After hearing hours of emotional testimony from parents and students who don't think Colorado's schools are safe enough in the wake of deadly shootings, state lawmakers are now considering eight measures to address the issue.
And they will spend the weekend working on them to meet a Monday bill drafting deadline.
The pieces of legislation they are drafting range from a proposal to provide first aid and mental health training to more Colorado teachers to a measure allowing students to take days off for mental health reasons.
"We'll keep working together…and we'll hopefully be a model for the nation because the nation is already looking to us to solve this problem," said Rep. Dafna Michaelson Jenet, who is leading the legislature's school safety committee. "Let us have the safest and happiest kids. Let's see a turnaround in the number of kids dying by violence. We can do that."
The committee started meeting in June in the wake of the deadly shooting at STEM School Highlands Ranch. And the meetings have had a strong bipartisan spirit.
Republican lawmakers are now working side by side with Democrats on several pieces of the proposed legislation. That includes one that aims to create a new task force, which would seek to eliminate some of the gaps in the state's existing school safety programs.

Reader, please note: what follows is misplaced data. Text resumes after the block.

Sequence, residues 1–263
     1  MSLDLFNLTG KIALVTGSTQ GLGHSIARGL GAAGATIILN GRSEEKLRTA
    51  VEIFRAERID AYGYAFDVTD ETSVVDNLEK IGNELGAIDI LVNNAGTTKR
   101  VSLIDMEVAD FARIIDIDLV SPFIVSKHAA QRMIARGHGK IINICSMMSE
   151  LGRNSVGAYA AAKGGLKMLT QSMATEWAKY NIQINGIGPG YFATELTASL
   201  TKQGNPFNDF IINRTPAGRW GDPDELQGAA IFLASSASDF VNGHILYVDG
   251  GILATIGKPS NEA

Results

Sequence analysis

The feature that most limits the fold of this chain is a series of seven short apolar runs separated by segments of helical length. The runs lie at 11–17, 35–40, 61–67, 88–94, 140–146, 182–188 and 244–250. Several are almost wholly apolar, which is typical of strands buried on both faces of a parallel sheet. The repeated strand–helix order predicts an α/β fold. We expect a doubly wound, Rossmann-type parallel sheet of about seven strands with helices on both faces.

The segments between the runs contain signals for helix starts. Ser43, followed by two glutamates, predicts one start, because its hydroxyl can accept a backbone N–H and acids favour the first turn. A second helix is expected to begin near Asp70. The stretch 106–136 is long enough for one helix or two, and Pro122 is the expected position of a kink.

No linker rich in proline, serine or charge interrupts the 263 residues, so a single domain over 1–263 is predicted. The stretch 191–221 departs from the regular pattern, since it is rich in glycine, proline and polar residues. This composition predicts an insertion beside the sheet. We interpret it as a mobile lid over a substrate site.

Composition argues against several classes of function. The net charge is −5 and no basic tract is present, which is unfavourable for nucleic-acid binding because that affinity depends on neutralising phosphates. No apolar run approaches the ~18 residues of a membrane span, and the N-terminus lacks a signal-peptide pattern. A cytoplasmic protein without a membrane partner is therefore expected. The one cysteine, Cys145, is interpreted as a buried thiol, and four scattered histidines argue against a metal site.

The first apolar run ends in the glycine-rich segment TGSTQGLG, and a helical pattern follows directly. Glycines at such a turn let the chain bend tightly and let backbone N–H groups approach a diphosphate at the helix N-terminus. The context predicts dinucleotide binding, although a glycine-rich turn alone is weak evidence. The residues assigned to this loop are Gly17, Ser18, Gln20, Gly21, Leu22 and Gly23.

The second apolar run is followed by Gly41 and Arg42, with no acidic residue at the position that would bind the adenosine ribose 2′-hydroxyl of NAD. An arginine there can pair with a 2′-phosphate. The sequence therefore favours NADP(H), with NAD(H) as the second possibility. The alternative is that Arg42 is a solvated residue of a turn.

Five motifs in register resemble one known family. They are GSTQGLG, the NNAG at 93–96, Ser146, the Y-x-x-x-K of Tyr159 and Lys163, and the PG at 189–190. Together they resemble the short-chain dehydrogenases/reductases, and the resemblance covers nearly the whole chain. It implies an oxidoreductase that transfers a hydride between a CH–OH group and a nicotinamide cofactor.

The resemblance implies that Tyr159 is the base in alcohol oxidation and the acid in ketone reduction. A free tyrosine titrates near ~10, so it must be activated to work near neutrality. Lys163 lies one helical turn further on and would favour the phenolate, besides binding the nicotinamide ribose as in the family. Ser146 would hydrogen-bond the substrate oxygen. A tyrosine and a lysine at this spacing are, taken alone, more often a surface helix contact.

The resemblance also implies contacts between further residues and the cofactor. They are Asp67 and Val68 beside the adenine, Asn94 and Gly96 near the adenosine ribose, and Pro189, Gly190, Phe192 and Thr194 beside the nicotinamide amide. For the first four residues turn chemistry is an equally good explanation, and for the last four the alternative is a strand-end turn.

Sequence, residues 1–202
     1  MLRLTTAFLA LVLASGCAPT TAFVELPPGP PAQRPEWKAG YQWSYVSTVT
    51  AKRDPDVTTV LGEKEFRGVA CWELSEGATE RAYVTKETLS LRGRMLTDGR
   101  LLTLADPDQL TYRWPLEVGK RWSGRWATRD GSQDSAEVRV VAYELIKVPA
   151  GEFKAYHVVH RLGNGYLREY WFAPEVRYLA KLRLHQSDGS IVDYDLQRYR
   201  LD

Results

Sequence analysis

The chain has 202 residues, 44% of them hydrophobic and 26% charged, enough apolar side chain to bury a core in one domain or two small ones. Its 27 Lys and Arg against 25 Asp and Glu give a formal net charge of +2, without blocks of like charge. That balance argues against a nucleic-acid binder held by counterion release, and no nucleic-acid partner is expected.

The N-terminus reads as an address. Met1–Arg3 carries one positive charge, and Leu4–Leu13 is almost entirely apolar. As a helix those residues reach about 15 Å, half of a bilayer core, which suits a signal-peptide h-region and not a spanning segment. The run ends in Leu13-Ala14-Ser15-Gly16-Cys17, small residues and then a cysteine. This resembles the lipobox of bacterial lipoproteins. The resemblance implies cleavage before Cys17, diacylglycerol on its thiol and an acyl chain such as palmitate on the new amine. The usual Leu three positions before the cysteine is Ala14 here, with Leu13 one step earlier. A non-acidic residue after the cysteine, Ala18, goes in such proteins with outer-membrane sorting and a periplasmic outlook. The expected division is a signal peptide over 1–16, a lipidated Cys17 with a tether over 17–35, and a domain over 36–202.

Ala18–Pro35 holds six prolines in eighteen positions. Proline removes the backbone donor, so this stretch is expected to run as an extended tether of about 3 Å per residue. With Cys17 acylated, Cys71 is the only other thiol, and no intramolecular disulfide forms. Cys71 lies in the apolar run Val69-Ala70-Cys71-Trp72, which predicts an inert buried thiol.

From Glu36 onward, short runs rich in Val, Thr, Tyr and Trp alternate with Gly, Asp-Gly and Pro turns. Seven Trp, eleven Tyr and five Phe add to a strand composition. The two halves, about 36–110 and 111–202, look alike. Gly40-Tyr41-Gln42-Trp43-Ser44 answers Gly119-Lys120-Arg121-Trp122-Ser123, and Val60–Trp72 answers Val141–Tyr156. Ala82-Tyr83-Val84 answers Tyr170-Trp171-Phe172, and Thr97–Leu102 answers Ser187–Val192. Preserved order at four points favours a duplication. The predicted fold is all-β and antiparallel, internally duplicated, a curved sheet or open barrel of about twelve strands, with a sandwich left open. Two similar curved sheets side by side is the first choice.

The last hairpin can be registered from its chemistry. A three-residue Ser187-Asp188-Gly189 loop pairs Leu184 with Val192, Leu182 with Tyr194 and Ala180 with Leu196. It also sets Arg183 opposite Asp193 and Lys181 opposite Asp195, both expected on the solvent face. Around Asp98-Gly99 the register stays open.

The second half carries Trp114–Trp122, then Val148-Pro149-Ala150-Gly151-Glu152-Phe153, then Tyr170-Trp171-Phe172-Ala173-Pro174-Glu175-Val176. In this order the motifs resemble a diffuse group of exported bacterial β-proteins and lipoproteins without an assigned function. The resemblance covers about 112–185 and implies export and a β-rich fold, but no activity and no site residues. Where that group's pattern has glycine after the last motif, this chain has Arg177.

A Recent Audit Of Colorado's Existing Efforts To Make Classrooms Safer Found Several Gaps
The state auditor concluded that a patchwork of programs is creating "gaps in services and challenges in determining their reach and impact." The state spent $75 million on school safety programs in the last two years.
Other ideas the legislature is considering to improve school safety include:
-Investing more in efforts to upgrade radios at schools so that they can more easily communicate with law enforcement during emergencies. Rep. Kevin Van Winkle said the state has been allocating up to $5 million per year, but it is sometimes seeing as much as $9 million in requests
-Hire someone to review the state's school safety programs and make recommendations for improvement.
-Make some beds available at state psychiatric facilities for students who need help with mental health
-Increase funding for the state's Safe2Tell hotline, which received more than 1,500 tips in August. The tip line is a place where students and others can report concerns ranging from a potentially suicidal student to drug use. Lawmakers specifically advocated for a bigger advertising budget for the program.
The committee will return to the Capitol on Oct. 31 to review the drafts of the bills and vote on which ones to advance to the full legislature in January.
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